STATEMENT OF ARCHDIOCESAN CHANCELLOR JIMMY M. LAGO
RE: Landmarking of St. Gelasius Church by Chicago City Council
(CHICAGO) January 14, 2004 - The action taken today by the Chicago City Council to restrict the future use of St. Gelasius Church by designating it a landmark ignores the fundamental principle of religious freedom from state interference. It demonstrates a lack of respect for the rights of religious groups to worship and minister as their religious beliefs direct. Finally, it violates the Chicago ordinance that prohibits landmarking of a church without the permission of the religious organization that owns it.
If this decision is allowed to stand, the Archdiocese of Chicago and other religious institutions could be forced to redirect limited inner-city ministerial resources away from current parishes and schools.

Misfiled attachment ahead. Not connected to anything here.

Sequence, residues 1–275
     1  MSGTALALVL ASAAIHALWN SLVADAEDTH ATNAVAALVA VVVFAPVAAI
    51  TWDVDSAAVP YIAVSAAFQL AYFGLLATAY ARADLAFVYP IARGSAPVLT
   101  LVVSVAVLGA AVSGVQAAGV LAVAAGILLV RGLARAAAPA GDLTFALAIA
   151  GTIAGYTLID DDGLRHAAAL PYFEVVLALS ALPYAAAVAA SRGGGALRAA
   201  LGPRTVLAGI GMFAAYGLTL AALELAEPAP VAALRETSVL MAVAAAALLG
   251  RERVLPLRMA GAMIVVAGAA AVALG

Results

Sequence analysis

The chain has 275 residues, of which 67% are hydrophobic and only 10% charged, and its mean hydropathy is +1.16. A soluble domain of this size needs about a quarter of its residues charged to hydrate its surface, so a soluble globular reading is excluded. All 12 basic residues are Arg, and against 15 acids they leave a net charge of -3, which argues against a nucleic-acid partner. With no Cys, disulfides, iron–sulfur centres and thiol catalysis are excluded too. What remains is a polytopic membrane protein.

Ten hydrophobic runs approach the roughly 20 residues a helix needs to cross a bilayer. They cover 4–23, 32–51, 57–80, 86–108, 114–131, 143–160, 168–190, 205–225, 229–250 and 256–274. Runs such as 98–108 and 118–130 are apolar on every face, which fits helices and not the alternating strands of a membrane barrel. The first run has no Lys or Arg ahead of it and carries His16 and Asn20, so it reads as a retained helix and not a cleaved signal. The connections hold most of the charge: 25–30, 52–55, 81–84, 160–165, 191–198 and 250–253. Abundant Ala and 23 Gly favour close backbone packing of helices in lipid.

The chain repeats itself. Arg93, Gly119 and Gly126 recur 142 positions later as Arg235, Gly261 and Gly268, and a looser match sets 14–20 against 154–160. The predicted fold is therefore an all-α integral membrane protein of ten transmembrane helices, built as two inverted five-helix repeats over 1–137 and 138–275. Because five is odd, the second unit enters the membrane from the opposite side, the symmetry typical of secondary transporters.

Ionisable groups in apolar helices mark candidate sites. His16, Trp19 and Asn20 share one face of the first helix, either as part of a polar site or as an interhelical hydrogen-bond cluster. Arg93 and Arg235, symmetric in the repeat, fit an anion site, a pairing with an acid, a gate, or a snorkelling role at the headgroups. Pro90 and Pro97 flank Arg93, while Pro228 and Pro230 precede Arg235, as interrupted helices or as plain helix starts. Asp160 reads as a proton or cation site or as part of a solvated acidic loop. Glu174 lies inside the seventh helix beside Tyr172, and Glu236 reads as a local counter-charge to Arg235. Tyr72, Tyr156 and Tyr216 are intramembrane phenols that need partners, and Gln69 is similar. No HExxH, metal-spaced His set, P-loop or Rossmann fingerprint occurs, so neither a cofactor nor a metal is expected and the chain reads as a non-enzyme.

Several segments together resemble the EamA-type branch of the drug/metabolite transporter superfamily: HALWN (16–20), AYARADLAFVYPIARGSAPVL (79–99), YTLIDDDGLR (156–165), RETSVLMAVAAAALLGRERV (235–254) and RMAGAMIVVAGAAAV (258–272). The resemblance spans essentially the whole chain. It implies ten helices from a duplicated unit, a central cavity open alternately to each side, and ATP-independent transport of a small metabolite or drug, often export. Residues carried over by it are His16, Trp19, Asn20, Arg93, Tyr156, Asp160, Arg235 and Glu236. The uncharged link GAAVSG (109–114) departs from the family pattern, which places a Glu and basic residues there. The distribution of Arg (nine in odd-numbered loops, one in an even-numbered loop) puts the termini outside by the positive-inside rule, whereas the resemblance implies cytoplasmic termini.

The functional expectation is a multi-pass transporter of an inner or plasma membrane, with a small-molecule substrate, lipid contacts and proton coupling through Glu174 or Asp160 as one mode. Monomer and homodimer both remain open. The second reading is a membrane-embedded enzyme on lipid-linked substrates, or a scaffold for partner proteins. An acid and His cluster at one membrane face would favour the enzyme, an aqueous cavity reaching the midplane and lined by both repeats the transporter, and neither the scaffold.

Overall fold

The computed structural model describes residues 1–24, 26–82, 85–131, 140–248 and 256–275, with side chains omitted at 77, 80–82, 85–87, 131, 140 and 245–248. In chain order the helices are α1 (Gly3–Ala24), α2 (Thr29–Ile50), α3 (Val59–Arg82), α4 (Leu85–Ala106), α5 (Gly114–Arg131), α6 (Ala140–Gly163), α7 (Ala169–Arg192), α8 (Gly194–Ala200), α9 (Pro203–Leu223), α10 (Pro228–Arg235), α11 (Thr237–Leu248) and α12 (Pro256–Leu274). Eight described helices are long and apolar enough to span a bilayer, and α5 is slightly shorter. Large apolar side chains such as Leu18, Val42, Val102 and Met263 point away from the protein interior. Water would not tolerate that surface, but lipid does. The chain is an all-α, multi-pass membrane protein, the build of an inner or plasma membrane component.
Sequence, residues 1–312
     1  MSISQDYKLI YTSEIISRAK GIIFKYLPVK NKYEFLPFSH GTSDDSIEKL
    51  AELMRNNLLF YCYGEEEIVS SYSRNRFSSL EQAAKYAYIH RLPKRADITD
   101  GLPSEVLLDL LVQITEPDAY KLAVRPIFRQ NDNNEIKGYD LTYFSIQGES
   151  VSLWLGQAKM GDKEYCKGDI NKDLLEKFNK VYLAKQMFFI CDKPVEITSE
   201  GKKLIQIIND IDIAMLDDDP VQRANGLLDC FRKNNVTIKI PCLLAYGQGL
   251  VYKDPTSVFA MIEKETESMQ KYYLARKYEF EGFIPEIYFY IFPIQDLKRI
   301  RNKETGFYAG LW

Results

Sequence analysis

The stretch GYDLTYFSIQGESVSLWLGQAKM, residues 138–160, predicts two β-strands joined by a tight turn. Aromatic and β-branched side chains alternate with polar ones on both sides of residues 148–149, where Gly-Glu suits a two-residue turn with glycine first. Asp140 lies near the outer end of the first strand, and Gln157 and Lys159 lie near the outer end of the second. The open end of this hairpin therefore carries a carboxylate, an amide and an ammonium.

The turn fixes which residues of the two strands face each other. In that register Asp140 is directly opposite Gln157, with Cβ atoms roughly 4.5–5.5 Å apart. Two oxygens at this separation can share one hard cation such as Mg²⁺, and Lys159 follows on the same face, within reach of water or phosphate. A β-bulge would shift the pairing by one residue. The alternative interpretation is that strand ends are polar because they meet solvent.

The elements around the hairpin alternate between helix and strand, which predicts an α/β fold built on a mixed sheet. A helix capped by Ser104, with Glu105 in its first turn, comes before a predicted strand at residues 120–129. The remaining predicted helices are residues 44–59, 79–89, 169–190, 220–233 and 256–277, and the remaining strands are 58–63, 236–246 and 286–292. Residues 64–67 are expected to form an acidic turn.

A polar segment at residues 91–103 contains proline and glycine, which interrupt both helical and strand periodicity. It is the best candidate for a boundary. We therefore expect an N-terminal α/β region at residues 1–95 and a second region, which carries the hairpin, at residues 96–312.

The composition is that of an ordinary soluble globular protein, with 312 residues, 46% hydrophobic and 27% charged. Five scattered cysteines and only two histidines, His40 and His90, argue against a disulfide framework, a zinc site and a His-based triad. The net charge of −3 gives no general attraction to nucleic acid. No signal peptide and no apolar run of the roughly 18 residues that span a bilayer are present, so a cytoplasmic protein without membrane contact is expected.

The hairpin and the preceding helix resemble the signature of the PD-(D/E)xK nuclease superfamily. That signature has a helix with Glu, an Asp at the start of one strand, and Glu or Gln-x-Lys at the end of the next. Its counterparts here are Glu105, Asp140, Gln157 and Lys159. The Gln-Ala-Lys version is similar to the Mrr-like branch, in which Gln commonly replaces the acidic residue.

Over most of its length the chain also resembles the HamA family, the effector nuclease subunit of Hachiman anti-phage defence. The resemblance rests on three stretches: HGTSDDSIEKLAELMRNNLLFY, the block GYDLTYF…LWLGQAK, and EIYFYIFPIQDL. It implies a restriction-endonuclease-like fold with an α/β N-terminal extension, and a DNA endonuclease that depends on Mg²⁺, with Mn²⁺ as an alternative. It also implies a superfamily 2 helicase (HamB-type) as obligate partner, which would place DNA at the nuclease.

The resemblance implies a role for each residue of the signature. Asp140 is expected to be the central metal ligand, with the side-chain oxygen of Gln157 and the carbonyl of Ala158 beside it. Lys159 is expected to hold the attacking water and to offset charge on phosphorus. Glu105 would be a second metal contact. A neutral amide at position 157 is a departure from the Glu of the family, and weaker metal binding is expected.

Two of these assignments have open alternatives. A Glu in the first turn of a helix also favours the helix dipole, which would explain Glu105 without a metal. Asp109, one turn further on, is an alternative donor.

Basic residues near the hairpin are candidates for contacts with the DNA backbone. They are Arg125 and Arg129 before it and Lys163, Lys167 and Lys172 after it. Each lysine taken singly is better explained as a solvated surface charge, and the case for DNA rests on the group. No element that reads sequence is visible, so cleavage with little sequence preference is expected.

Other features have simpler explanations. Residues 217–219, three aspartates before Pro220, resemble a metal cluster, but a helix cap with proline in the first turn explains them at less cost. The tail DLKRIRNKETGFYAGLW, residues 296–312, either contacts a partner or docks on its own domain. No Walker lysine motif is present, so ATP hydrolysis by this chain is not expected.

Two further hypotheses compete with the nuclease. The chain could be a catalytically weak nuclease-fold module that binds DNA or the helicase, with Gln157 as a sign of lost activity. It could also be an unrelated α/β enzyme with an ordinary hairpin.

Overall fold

The action today took place despite the fact that the Archdiocese had been working for several months to find some acceptable accommodation with the local Alderman, city of Chicago officials and landmark preservationists regarding St. Gelasius. Throughout this time, the Archdiocese maintains:
1. The Archdiocese has the freedom to allocate limited resources to accomplish its mission. Catholic schools, parishes, social ministries and support structures for priestly and lay volunteers, etc. are just some of the constituent components of its ministry. Forcing the Archdiocese to maintain the exterior façade of St. Gelasius at extremely high cost is to force the redirection of these limited resources away from ministry.
2. The municipal code of the City of Chicago specifically requires the permission of a religious organization before it may grant landmark status for its church property. The Archbishop of Chicago has not given such permission.
Despite facing a deteriorating building that it sought to demolish, the Archdiocese made a significant effort to find a future ministerial use for the property. Fortunately, a Catholic religious group has agreed to take over the church, restore it, and conduct religious ceremonies and services in the church, making today's action completely unnecessary.